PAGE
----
"I hear [David] Ortiz talking about stiffer penalties. It's not going to stop people. Fifty games, a hundred games ... why do people still do it? Because they think they can beat the system. That's the way I look at it. If someone comes to you and they tell you they have this stuff they can't test for it ... some people will always think they can beat the system. Otherwise people wouldn't get caught. People think they are going to be young and healthy forever, and that's not the case."
Delgado has maintained a very reasoned position on what happened in the best years of his career. He doesn't want a do-over on the MVP award he didn't win. He is a happy man, content with his family, his decisions and his career. If he retired today, he would rank among the top 30 hitters all time in home runs, slugging, at-bats per home run and intentional walks. But he has plenty of baseball left in him. Last year, while turning 36, he played in 159 games, smashed 38 homers and racked up 310 total bases, his most since 2003. How much longer will he play?
"For sure, this year and another year," he said. "Then after that, I'll see where I am at. Then figure out what you want to do and take it from there."
He would like 1,700 RBIs, which would move him into the top 25. Already, he stands 50th on the RBI list. Already, he has Hall of Fame numbers.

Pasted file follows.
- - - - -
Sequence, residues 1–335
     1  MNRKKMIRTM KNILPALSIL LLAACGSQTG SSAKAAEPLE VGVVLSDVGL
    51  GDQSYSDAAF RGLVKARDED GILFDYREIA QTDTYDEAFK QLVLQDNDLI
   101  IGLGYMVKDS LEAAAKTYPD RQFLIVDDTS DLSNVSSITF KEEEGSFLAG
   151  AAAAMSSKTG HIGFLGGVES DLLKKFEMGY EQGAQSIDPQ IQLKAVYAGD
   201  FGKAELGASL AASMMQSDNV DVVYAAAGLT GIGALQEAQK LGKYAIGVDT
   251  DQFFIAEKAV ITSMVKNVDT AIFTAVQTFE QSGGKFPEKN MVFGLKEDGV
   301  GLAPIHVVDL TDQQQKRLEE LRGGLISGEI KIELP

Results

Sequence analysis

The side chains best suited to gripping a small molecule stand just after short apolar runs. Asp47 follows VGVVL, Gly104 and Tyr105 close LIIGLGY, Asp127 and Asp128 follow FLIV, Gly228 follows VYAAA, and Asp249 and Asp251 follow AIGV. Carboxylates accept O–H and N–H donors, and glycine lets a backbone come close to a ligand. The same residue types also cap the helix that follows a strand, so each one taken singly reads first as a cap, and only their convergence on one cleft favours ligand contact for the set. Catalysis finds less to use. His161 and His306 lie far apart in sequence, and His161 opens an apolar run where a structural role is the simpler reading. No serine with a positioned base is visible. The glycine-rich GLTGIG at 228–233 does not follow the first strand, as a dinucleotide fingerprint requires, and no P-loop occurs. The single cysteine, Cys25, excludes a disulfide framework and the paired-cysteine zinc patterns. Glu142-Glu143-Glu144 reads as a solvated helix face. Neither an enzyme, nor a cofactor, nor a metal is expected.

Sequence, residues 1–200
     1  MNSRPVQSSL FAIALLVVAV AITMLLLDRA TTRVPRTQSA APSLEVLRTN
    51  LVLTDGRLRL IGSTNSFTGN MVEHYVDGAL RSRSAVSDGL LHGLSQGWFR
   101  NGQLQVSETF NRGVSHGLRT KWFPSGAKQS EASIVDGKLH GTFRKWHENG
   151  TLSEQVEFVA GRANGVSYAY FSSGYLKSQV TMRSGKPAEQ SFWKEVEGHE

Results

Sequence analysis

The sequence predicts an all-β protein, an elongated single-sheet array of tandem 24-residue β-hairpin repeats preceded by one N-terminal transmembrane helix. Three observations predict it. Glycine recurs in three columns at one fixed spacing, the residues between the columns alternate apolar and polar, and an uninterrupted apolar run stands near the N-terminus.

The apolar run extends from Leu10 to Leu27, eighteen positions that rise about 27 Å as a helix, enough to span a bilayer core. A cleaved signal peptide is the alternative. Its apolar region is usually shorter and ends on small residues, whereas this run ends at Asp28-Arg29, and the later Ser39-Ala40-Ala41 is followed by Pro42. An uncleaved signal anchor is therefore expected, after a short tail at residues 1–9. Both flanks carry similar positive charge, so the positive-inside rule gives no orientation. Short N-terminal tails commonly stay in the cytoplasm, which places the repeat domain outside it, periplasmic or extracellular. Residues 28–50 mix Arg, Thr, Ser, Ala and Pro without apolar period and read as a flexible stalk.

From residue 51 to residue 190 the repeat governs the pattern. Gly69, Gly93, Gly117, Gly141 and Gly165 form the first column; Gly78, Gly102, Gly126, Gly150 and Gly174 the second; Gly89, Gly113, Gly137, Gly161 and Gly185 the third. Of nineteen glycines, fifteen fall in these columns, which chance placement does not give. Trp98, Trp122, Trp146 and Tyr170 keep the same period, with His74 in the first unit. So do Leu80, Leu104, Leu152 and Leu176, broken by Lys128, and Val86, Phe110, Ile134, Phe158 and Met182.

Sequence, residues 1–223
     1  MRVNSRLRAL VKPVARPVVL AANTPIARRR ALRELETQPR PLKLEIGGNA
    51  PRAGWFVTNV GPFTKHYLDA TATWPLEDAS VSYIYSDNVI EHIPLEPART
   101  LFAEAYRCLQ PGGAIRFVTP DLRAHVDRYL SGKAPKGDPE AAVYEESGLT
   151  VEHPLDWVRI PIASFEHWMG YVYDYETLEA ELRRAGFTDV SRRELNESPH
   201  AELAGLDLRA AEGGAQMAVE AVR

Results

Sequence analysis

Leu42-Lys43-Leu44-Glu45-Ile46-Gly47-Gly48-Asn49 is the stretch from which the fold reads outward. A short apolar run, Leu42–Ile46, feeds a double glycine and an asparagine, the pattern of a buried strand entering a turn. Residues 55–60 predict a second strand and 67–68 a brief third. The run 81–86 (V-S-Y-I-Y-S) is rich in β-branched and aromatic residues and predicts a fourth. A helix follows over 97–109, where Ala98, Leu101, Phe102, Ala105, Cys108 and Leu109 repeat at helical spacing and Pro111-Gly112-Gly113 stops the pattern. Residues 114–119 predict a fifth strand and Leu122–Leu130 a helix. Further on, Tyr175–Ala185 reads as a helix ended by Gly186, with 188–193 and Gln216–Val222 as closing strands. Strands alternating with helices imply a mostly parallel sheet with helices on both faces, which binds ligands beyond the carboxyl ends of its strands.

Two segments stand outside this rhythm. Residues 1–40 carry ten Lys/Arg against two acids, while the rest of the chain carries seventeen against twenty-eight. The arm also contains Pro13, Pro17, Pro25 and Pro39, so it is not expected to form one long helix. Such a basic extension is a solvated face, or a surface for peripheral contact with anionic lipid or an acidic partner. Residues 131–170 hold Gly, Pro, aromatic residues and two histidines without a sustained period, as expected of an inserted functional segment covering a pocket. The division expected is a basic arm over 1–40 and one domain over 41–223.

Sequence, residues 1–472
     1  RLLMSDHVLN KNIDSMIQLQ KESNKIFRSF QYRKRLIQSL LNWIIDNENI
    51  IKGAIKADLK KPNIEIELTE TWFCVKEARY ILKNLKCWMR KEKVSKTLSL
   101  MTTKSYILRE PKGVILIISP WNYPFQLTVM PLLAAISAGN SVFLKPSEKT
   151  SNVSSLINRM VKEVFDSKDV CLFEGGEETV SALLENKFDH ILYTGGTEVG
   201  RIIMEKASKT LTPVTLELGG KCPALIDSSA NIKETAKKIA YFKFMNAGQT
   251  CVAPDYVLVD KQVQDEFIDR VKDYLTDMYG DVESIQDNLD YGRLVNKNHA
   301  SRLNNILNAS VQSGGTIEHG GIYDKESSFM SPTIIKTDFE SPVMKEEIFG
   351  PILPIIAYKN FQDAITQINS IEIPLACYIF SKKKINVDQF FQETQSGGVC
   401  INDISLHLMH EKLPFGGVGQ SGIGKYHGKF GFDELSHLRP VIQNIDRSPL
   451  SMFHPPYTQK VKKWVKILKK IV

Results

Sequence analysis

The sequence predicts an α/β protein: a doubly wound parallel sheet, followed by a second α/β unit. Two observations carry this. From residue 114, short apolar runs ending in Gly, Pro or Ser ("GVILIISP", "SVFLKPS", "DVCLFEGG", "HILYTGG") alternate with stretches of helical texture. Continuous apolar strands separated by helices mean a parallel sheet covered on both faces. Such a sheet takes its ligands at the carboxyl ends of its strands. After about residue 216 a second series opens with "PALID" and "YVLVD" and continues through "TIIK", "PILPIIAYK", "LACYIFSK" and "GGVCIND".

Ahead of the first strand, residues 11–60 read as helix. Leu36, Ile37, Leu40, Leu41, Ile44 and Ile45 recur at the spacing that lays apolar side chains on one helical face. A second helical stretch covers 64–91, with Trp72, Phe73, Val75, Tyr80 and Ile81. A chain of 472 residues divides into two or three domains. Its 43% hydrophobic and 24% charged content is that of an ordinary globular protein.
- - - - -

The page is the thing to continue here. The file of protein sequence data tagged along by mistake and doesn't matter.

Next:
"It would be a great honor," he said of enshrinement. "It would be flattering. It would be great recognition. But I catch myself if I start to think about it, because I can't control it and it's so far down the road. You start forcing yourself into doing this and that, instead of just going out and playing. At the end, somebody is going to decide anyway. I have no say. You just play the game, finish up strong, go home and hope five years later some people say, 'Hey, this guy has pretty good numbers.' "
The more we find out about the heart of the Steroid Era, the more polish accrues to the career of Delgado, a man who, so far, has not been connected, even on the clubhouse rumor network, to illegal drugs, a ballplayer not afraid to call steroid use "cheating."
Of course, the standard disclaimer of skepticism applies, thanks to people such as Bonds and Palmeiro and Rodriguez, who injected us with a megadose of distrust. I will not, however, let them take away my belief that many players played the game the right way. I would rather be fooled again by a rogue player in sheep's clothing than indict them all and forfeit optimism, which should remain an essential nutrient of the human condition.
Delgado's numbers that we missed back then seem bigger over time. I regard my Hall of Fame vote as the personal endorsement of the entirety of a playing career, not a guesswork parsing of "clean" and "dirty" periods, as if that era of enablement needed yet another layer of lazy compliance, and for posterity, no less. I respect the opinion of voters who bring a different take to their ballot; there is no right or wrong position. But from any vantage point, the lost slugger deserves a better look.